Engine 58 to Division3, EMS is transporting one of my members in critical condition to the hospital. My nozzle man is having a heart attack.

Each year heart attacks take the lives of more firefighters than all of the other line of duty deaths, and hundreds more are forced into early retirement. Firefighters are more at risk than the general population to develop heart disease. Stress, diet, lack of exercise and irregular sleep patterns vary with each individual. A death suit, consisting of over 75 pounds of tools, equipment and personal protective gear affects the whole profession.

Protective gear and equipment is over working the firefighter in structural fires. The encapsulating gear and 75 pounds of weight per firefighter causes our cardiovascular systems to work in overload. This added stress on the heart with associated risk factors can lead to a disaster. SCBA is now designed to give us up to an hour of working time. With the amount of stress we are under for that length of time I am amazed there are not more deaths. After the fire is knocked down, during overhaul, is when most injuries occur. No matter how hard we train and prepare we are going to take feeds at fires. This exposure puts us at great risk for coronary artery and pulmonary disease's.

As we have seen in the past decade, the number of firefighters killed in the line of duty by heart attacks is at the top of the list. Thirty-seven firefighters died from heart attacks in 2002 and in 2003, 42 suffered a similar fate as did 61 firefighters in 2004. In 2005, 55 firefighters died in the line of duty from heart attacks and that number increased by six when legislation passed to allow firefighters who suffered a heart attack within 24 hours of duty their death benefits.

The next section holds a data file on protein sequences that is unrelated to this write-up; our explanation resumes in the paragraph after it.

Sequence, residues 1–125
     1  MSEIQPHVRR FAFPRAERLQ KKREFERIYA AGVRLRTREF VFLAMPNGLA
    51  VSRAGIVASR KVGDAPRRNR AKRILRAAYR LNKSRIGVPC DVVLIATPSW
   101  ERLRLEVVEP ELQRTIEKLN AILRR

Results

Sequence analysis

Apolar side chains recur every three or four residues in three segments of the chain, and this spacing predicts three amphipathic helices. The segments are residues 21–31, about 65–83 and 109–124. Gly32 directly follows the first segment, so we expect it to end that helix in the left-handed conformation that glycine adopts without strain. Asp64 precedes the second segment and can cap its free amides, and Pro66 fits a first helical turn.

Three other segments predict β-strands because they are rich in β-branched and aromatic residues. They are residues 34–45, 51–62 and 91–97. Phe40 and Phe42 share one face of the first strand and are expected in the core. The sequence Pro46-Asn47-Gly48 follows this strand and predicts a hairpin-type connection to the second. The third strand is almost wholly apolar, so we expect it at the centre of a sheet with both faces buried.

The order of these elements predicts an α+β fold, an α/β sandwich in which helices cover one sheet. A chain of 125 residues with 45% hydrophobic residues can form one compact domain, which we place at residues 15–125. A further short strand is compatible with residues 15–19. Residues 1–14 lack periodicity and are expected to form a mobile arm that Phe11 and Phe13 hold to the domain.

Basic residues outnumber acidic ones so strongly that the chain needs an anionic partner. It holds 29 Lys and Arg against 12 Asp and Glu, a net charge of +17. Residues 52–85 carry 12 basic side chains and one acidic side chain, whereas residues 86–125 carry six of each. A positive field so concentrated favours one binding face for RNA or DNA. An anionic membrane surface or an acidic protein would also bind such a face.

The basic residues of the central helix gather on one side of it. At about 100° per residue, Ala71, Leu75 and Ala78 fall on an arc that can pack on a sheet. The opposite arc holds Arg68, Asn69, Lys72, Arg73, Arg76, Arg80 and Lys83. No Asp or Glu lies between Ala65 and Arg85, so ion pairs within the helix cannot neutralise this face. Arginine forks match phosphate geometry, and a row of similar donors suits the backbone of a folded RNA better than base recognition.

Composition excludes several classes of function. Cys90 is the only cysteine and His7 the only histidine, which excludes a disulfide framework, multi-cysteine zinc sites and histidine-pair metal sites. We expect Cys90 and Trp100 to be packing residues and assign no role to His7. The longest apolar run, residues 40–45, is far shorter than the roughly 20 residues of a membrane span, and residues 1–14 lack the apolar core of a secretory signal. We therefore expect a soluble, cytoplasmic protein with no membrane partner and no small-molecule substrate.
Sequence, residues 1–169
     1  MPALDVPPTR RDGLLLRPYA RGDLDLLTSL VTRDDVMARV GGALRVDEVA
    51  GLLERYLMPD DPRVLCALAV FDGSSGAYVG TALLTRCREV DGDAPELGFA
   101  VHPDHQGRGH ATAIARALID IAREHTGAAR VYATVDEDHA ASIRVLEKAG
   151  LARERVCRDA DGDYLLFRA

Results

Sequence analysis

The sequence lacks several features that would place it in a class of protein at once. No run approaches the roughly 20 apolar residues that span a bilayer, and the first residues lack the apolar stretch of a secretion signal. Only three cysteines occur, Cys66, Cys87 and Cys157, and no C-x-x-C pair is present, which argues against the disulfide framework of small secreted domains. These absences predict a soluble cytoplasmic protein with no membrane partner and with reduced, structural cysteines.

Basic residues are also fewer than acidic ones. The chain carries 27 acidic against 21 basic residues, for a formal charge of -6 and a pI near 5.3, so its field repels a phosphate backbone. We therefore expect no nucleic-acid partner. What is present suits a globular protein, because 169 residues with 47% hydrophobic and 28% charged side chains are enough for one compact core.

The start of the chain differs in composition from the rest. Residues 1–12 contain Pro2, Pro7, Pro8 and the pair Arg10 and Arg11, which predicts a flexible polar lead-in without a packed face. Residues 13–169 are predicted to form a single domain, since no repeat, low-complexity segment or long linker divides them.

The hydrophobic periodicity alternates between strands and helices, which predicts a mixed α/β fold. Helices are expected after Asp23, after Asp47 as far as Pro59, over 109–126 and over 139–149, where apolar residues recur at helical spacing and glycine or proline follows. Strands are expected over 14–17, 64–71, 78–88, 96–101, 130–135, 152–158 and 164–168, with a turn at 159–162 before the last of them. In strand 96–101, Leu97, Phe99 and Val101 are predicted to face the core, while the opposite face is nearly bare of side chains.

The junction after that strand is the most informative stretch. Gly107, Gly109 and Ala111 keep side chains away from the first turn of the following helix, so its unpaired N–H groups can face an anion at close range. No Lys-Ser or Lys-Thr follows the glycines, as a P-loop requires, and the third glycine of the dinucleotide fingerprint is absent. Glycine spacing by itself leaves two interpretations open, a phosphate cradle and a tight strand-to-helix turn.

Our profession is a profession of stress. Along with the inherit risk of the job itself, we are exposed to emergency situations that most people in this country only read about. This stress is a risk factor that firefighters cannot control. It is our job to handle this type of work professionally and expeditiously to ensure the safety of the citizens we protect. Bunker gear, SCBA, and new age technology is great for the fire service, if used correctly.

As we can see this also adds a greater burden on the firefighter. We are expected to carry more equipment, operate longer, get in deeper, and be encapsulated tighter. This allows firefighters the means to save more civilian lives, leaving us to ponder. What is the cost to us? Although our job is to save the public from harms way, we must never let a firefighter's death be acceptable. In order for our profession to grow and to make the public safe, we must first ensure our own safety and the safety of those we work with.

Many people I have come across in my career as a firefighter are genuinely concerned with firefighter safety and well being. Although, there have been those who have not mastered this aspect of our profession. We must concentrate more on firefighters' health at a fire scene than we do. Those days of over working firefighters are gone and those who feel this is appropriate are setting themselves up for a devastating reality, death. We are not capable of working as long as we do at the routine brush fire. Turn that same fire into two or three alarms and you have to start worrying about relief and your member's health.

Company officers should know their company's limits. If you have an older crew you may want to think about relief early into the operation, as with a younger crew they want and need the experience so they may be able to stand extra work but must be monitored closely for fatigue, dehydration and exposure. It is better to be safe with a second alarm and early relief companies, than it is to tell a loved one their son or daughter die from being overworked.